We tend to treat sin that way too, don’t we? We put on our best Christian clothes and sit up close to the front of the church. We post Scriptures and “Jesus sayings” on social media. We put the fish on our car and wear the t-shirt.  We have our Bible open and we come before God and repeat: “Our Father, who art in heaven . . .” But we also keep our favorite sin close by. Oh, not where everyone can see it, but just where we can catch the faintest glimmer of it, so we don’t miss it when it calls.  The Bible has a word for that: “cherished sin.” David said, “If I had cherished sin in my heart, the Lord would not have listened” (Psalm 66:18). The word “cherished” in the original Hebrew means “to see, look, consider, to realize, to know.” It’s doesn’t mean that we simply notice sin as we pass by it, but it means we are keeping sin in view and are always conscious of it. It also means we have failed to cut ties with it. And those are ties that bind us up and keep us from walking in the Spirit.
One more thing about this word “cherished” – I told you what I meant, but I didn’t tell you the actual word – it is “Ra’a and we first see it in Scripture in Genesis 16:13. It is the name Hagar gives to the Lord God when He finds her in the desert running from Sarai: “I have now seen the One who sees me.” 
Beloved, it’s all about where you’re looking and what you’re keeping in your line of vision.

In the Desert

Sunbaked Mud in Desert ca. 1990s Death Valley, California, USA

Sunbaked Mud in Desert ca. 1990s Death Valley, California, USA

“The desert and the parched land will be glad: the wilderness will rejoice and blossom” (Isaiah 35:1)

I’ve been in a bit of desert lately; work and school and other responsibilities have sapped my mental, physical and spiritual energy and drained my joy.  Yesterday was the first Sunday I’ve been able to attend church in 4 weeks.  I expected to be like a sponge and just soak it all up, but I felt more like a rock that sank to the bottom of the sea.  What is happening and why Lord?  This morning when I came back to Mark chapter 1 (God has kept me here for weeks) I read that after Jesus’ baptism, “the Spirit led Him out into the desert . . .” (v. 12).  So I began searching for other “deserts” in the Bible and I found that, despite what I expected, most of the desert experiences in Scripture were not times of punishment or even rebellion.  They were encounters with God and seasons of preparation.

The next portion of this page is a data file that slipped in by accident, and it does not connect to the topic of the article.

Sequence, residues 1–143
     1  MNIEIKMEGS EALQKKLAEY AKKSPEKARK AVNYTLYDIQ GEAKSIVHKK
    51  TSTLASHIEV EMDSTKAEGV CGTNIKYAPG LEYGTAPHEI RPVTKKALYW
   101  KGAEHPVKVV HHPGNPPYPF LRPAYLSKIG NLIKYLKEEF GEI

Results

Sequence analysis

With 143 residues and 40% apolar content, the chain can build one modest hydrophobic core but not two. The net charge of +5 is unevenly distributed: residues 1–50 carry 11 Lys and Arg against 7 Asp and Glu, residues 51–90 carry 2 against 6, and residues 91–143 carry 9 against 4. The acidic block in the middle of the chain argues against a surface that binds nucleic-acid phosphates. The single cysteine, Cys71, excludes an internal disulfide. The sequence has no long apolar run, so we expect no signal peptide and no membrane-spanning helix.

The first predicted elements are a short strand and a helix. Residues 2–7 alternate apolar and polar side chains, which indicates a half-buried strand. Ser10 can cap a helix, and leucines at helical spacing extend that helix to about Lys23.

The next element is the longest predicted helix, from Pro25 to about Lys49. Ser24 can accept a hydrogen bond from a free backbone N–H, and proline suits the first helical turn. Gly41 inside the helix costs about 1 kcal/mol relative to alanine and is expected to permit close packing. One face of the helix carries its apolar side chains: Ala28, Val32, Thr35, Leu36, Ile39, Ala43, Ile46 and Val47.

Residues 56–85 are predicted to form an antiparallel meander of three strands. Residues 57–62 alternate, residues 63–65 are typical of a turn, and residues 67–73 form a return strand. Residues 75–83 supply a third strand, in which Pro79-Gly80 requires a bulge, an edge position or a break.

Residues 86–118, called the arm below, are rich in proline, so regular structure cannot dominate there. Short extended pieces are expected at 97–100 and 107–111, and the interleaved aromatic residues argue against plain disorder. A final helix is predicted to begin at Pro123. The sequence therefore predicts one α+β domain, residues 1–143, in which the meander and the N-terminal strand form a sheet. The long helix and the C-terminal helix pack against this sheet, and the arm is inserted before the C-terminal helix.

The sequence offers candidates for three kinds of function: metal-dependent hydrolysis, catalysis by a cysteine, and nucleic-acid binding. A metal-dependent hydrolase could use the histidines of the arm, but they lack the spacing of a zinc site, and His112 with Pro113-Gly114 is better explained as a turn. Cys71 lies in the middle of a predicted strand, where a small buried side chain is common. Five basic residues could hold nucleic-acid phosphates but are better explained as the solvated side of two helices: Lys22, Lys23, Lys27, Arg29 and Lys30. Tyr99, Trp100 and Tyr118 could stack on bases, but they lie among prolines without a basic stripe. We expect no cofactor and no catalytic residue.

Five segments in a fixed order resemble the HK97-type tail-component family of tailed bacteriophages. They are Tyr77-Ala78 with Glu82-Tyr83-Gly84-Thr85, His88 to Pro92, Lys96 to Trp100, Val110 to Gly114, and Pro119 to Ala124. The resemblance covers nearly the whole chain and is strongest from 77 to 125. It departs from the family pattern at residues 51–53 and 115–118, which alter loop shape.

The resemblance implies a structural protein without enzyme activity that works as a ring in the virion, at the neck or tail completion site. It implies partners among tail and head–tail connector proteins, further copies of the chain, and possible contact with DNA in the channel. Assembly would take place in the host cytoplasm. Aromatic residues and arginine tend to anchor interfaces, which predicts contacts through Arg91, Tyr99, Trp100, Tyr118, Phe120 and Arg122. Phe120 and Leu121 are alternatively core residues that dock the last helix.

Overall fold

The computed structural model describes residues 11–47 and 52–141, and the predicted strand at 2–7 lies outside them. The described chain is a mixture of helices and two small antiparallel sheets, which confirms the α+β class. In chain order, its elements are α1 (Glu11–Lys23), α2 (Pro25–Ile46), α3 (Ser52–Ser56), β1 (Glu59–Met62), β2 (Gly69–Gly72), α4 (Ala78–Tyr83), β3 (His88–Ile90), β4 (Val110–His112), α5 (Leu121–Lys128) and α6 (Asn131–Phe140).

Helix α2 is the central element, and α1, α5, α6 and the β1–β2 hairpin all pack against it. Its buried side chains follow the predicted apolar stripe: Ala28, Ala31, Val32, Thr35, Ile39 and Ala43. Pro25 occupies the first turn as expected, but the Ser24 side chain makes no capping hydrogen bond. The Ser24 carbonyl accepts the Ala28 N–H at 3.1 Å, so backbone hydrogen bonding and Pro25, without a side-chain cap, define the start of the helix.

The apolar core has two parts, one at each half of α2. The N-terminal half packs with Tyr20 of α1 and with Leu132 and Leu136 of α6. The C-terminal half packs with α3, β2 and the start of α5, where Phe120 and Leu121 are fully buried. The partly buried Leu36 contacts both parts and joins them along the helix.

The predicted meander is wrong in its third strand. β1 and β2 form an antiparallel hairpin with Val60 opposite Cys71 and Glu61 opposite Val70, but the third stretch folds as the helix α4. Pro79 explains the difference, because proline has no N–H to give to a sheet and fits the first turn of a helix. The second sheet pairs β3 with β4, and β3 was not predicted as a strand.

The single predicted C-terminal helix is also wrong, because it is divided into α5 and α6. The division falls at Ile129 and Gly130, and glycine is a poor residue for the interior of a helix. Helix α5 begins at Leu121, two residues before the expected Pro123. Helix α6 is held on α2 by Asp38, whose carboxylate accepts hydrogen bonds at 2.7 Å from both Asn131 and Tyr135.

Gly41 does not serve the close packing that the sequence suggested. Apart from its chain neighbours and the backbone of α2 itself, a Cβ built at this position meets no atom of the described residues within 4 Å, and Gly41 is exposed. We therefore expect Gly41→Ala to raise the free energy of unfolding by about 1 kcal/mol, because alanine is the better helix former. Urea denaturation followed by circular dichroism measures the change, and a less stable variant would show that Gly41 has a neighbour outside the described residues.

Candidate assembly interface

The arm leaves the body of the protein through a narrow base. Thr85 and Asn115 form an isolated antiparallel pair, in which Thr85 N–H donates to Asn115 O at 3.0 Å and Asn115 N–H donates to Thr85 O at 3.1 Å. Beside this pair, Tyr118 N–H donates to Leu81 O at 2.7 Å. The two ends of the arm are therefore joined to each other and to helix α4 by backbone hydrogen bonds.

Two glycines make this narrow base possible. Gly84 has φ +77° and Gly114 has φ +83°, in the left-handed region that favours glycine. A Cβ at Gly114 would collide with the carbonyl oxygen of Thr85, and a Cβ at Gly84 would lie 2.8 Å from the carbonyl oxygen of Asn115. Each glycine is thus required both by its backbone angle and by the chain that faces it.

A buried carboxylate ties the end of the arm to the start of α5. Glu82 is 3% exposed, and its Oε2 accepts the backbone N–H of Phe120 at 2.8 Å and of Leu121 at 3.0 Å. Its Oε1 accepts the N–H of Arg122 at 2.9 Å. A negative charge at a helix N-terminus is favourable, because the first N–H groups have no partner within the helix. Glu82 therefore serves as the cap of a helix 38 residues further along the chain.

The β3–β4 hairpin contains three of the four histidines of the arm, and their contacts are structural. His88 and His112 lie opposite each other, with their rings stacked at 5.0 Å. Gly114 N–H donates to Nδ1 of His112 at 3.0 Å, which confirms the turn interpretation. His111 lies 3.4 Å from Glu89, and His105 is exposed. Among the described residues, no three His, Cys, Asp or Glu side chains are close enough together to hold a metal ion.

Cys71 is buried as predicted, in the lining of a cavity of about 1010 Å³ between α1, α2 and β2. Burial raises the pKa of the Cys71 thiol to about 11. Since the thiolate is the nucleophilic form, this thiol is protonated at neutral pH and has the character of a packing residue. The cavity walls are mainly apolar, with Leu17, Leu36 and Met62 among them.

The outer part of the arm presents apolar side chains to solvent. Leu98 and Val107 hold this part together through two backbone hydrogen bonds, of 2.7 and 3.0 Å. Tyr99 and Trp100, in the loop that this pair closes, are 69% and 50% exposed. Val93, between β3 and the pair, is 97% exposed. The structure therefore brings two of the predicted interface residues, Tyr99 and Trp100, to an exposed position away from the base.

The first mention of a desert was when Hagar was running from Sarah.  There she met God – El Roi – the God who saw her in the desert.  Later she and her son were rescued by a miraculous well of water in the desert, by the God who heard her son’s cries.  David wandered in the desert wilderness for several years before he gained the throne of Israel.  And even though their 30 years of desert wandering was punishment for Israel’s rebellion, it prepared them for the Promised Land.  If we need any more evidence that God works in dry places, don’t forget about the dry bones the Lord brought back to life in Ezekiel.  In the desert, Jesus faced His enemy and came through victorious, and when He left that desert His ministry began.  I’ve decided that this dry season I’m in is preparation; it’s about staying true to God and watching for Him in the desert.  My friend remember that the desert is not your dwelling place – it’s the path God has chosen for you and me on the way to the Promised Land.